A senior Russian diplomat on Monday said atomic arms control negotiations are still a matter of high concern, but uncertainties persist over the United States' stance, the Xinhua News Agency reported.
Issues of significant interest in Moscow include the potential for final approval of the Comprehensive Test Ban Treaty, Russian Deputy Foreign Minister Sergei Ryabkov stated on Monday.
"The disarmament process must be multilateral," Ryabkov said in comments released by the Russian Foreign Ministry. "Nothing there could be done without the U.S. participation, but the U.S. position is obscure."
The two nations pledged under the New START pact to each by 2018 reduce their count of deployed strategic nuclear weapons to 1,550 warheads and 700 delivery systems. There has been talk but no action toward further reductions.
Ryabkov said no substantive outreach from Washington is anticipated prior to the Nov. 6 U.S. elections.
He added: "Regarding the (nuclear disarmament) talks, a multilateral approach is an integral part of strengthening strategic stability. The Russia-U.S. cooperation (over nuclear security) has been unfolding more and more in third countries."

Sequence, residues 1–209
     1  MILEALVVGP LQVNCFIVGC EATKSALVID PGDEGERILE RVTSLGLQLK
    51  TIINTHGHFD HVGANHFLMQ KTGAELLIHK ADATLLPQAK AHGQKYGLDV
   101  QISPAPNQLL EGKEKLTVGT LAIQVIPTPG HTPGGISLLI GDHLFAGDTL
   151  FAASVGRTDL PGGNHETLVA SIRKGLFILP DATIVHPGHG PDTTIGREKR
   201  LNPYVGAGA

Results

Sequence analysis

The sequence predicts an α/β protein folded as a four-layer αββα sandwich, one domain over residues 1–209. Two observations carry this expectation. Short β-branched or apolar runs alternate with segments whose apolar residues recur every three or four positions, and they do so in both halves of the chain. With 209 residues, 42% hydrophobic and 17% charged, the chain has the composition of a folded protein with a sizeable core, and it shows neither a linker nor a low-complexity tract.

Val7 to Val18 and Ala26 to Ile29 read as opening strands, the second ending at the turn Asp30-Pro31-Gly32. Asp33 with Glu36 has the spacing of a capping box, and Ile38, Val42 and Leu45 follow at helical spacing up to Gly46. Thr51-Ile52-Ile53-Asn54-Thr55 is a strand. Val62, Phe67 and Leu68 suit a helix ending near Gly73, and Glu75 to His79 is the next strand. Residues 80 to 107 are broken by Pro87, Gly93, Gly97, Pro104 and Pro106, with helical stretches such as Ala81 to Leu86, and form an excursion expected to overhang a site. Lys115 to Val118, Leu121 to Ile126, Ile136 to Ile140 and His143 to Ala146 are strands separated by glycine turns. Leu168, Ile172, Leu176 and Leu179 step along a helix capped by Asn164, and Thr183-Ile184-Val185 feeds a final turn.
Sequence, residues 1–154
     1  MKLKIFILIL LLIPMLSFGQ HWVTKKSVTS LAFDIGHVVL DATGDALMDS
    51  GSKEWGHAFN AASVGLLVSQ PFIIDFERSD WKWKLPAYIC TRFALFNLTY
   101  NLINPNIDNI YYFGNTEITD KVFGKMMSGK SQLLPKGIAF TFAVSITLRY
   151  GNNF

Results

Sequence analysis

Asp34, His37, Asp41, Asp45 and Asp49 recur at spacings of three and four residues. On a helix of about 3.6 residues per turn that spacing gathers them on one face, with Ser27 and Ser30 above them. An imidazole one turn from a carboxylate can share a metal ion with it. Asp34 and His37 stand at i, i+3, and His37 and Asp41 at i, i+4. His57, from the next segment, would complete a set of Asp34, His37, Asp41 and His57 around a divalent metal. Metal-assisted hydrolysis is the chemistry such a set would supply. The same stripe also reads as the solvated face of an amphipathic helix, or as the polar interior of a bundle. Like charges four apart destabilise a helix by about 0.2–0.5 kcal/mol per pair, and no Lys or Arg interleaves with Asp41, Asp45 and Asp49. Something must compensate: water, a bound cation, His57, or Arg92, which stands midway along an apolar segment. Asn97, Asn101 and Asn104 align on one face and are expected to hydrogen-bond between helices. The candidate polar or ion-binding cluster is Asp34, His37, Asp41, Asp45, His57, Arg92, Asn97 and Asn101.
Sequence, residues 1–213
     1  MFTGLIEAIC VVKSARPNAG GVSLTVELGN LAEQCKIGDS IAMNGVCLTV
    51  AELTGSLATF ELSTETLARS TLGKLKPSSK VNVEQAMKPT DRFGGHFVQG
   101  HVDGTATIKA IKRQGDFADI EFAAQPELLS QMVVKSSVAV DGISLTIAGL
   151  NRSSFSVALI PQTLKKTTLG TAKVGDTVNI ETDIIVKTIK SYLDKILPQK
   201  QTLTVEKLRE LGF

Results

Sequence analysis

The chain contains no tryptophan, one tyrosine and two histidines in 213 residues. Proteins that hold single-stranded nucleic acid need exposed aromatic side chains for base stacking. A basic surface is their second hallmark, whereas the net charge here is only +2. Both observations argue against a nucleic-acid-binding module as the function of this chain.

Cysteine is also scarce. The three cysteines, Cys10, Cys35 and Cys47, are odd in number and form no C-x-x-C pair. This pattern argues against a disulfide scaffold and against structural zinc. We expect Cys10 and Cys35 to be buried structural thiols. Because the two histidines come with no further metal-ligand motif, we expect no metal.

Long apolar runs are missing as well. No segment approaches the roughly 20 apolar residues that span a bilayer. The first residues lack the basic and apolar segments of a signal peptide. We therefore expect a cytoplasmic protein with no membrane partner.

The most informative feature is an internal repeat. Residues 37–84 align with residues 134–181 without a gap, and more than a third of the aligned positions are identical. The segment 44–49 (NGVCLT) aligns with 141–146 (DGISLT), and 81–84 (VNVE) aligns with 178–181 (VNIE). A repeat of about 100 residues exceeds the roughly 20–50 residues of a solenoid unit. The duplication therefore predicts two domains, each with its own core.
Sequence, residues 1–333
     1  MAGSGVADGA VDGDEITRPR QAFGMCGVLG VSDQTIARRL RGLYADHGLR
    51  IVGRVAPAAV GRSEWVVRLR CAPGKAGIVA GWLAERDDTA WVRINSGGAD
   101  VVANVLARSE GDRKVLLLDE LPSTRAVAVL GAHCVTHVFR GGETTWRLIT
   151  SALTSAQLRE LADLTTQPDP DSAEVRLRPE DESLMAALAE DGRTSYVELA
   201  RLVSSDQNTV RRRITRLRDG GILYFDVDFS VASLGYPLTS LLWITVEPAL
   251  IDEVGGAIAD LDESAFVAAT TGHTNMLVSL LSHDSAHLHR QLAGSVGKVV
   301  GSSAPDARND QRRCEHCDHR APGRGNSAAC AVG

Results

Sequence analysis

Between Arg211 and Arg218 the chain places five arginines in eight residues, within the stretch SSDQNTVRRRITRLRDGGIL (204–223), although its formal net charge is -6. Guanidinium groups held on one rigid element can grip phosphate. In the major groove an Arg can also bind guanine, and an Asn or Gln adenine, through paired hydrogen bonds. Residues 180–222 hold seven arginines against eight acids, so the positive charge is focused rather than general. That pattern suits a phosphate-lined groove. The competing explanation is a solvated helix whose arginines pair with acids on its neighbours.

The diplomat said thwarting attempts by "potential malefactors" to acquire atomic substances is a matter of significant importance for his nation.
He reaffirmed Russia's call for the removal of U.S. nonstrategic atomic armaments from Europe, as well as the elimination of means to deploy the bombs close to Russian territory.
"For the dialogue to take place," Ryabkov stated, "it is necessary that the nonstrategic nuclear weapons the U.S. deployed in Europe lose the strategic capabilities toward Russia they possess currently." He cited bomber aircraft suited to transport such arms.